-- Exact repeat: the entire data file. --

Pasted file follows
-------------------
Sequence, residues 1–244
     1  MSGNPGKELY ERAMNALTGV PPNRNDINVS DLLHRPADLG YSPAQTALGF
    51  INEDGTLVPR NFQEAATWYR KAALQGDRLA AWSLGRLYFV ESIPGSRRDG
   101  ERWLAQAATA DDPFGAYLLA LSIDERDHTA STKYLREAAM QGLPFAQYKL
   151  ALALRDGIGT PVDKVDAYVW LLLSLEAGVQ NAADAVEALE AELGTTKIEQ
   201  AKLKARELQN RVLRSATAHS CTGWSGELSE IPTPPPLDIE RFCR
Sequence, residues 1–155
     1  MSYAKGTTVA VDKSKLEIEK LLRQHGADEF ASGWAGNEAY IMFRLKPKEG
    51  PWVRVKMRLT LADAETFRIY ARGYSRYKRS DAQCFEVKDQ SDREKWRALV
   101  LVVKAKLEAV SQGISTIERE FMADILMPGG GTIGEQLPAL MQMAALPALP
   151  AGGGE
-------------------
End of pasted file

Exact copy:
Sequence, residues 1–244
     1  MSGNPGKELY ERAMNALTGV PPNRNDINVS DLLHRPADLG YSPAQTALGF
    51  INEDGTLVPR NFQEAATWYR KAALQGDRLA AWSLGRLYFV ESIPGSRRDG
   101  ERWLAQAATA DDPFGAYLLA LSIDERDHTA STKYLREAAM QGLPFAQYKL
   151  ALALRDGIGT PVDKVDAYVW LLLSLEAGVQ NAADAVEALE AELGTTKIEQ
   201  AKLKARELQN RVLRSATAHS CTGWSGELSE IPTPPPLDIE RFCR
Sequence, residues 1–155
     1  MSYAKGTTVA VDKSKLEIEK LLRQHGADEF ASGWAGNEAY IMFRLKPKEG
    51  PWVRVKMRLT LADAETFRIY ARGYSRYKRS DAQCFEVKDQ SDREKWRALV
   101  LVVKAKLEAV SQGISTIERE FMADILMPGG GTIGEQLPAL MQMAALPALP
   151  AGGGE